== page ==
“I want you to know that I attribute much of my success to people like you, who shaped my outlook on life. I remember your class and many of your lessons. You were tasked with a very large challenge: bringing open mindedness, diversity and differences to a community that was non diverse and all very much similar. I am forever grateful for the discussions and topics we discussed, particularly in your social issues class. But above all else: I am MOST grateful for you giving me the opportunity to realize my potential. If not for you, I may have never had the confidence to believe that I could pass two bar exams (one the first try nonetheless). You were one of, if not the only educator of mine that believed I was smart enough for honors. That was the FIRST step to feeling like I was good enough. Thank you for that.” -Former student from West Islip High School
I.CAN’T.STOP.THINKING.ABOUT.THIS.EMAIL. The above excerpt was received in an email this week from a former student who found me on Twitter. The punctuation in my first sentence is intentional. The email brought tears, joy, inspiration, and thoughts that are driving me to help teachers develop their craft. I had this student in eleventh grade. With only two years of high school remaining, I remember seeing her as a true thinker. She was brilliant. She got it. In all her years of education, her teachers saw her as a great student in the average Regents class (the school had Regents Prep, Regents, Honors and Advanced Placement). Deep down, she just wanted to “feel good enough.” She was far better than good enough. Why should I have had that power? Teacher expectations carry so much weight in students’ successes and mindsets.
In studying and learning the power of a growth mindset and the dangers of a fixed mindset, I find it remarkable that we often project a fixed mindset on students on both ends. We determine the level of education that they should pursue, the level of coursework that they should entertain, and even if they belong in an elite group of students at such an early age. I was in “Wider Horizons” in elementary school. What a name–horrific for those who had supposed narrow futures. Meanwhile, you would be shocked, well maybe not, if you did data analysis on the students who had wider horizons in fourth grade. My elementary school certainly didn’t precisely predict. How do we ensure students don’t get to eleventh grade before a teacher sees in them something that would come true later in life? This former student of mine is an attorney. Sure, it all worked out in the end. But, what if she “realized her potential” and received the “first step” earlier on? This conversation must take place. Her email has prompted my reflection. Did I let other students slip by? Did I focus too heavily on those who exhibited academic extroversion?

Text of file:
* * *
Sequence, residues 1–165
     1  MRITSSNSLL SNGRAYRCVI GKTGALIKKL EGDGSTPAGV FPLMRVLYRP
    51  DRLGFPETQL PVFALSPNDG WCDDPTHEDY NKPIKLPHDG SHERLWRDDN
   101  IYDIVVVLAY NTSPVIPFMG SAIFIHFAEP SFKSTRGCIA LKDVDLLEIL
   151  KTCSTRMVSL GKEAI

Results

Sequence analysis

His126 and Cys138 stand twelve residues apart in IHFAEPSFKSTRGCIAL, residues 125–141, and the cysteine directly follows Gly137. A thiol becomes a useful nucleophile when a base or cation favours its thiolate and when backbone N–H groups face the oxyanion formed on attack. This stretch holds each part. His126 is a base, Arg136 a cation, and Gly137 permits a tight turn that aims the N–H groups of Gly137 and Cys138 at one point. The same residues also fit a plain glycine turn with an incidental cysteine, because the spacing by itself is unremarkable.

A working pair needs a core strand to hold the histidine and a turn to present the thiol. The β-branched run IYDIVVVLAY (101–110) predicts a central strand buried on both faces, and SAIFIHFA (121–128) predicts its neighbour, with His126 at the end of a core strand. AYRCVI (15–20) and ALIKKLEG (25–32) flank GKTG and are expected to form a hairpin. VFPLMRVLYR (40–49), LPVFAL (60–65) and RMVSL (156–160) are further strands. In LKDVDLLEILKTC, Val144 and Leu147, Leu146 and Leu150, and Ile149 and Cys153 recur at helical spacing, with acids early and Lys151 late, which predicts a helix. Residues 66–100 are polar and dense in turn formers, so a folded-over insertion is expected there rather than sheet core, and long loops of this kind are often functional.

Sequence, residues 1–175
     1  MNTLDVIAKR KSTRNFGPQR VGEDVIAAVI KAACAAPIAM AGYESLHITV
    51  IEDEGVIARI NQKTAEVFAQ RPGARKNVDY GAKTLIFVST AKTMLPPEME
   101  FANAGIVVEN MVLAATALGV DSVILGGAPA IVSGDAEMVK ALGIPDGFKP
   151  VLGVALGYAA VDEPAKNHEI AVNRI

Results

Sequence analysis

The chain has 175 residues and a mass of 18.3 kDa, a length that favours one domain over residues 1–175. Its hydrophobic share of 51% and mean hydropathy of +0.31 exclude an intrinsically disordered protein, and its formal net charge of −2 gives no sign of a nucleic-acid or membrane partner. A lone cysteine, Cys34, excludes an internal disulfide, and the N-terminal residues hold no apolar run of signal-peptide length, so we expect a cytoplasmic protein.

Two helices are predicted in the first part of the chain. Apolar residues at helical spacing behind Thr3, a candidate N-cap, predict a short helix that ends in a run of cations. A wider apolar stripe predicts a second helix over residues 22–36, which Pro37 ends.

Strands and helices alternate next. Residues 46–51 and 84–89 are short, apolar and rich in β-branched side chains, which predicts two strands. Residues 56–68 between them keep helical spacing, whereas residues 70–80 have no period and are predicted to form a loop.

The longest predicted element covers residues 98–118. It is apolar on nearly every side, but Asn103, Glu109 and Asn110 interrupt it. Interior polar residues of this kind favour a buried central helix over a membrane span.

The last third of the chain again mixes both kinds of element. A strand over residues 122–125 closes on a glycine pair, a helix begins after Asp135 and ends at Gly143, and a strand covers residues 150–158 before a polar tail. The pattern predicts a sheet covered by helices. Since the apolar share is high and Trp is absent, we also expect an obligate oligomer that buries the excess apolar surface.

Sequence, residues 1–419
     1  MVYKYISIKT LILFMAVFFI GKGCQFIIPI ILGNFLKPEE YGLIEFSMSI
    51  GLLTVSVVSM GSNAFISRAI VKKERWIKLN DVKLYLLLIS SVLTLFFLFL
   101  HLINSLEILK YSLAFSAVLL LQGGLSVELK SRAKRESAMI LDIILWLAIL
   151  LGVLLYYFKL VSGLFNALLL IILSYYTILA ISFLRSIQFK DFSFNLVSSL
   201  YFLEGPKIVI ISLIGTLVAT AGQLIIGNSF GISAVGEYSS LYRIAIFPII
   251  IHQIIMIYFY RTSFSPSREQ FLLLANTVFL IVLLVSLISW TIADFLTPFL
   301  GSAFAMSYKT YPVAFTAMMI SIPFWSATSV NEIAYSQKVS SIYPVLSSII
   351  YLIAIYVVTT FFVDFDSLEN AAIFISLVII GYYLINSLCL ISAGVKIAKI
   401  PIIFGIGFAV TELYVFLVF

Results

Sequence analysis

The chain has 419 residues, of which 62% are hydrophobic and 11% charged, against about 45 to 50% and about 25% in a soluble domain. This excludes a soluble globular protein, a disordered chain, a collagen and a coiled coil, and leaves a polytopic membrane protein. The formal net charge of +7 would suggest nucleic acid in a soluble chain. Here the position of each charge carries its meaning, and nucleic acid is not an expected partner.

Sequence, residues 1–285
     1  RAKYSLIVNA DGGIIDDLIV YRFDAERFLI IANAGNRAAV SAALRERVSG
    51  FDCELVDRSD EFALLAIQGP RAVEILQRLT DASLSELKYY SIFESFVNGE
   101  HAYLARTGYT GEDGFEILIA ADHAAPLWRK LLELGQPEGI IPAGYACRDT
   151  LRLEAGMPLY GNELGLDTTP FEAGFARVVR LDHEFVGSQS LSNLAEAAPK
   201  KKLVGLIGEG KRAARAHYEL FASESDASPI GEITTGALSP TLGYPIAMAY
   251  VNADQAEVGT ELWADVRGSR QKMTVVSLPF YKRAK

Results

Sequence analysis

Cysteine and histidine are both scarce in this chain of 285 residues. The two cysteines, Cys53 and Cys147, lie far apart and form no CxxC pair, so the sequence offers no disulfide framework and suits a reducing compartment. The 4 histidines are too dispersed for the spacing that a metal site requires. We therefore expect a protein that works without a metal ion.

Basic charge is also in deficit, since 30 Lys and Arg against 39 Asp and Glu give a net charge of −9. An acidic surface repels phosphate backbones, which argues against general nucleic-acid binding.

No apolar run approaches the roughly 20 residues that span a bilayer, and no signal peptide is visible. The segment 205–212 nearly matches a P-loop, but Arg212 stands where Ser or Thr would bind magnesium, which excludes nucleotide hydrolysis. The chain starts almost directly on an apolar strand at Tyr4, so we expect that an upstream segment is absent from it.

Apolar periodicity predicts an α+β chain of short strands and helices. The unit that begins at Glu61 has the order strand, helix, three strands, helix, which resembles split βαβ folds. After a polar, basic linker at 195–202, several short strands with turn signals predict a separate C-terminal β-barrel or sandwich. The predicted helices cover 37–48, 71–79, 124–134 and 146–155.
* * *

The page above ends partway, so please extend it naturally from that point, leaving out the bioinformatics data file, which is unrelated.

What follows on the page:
Well, what do we do? We need MakerSpaces. We need Genius Hour. We need coding. We need time to explore and be messy. We need ALL students to find their confidence. In that process, their growth mindset will prosper and push out the structures that have captured their passion. Thinkers always rise to the top. They exist in all classrooms on all levels. Let’s give them all a voice.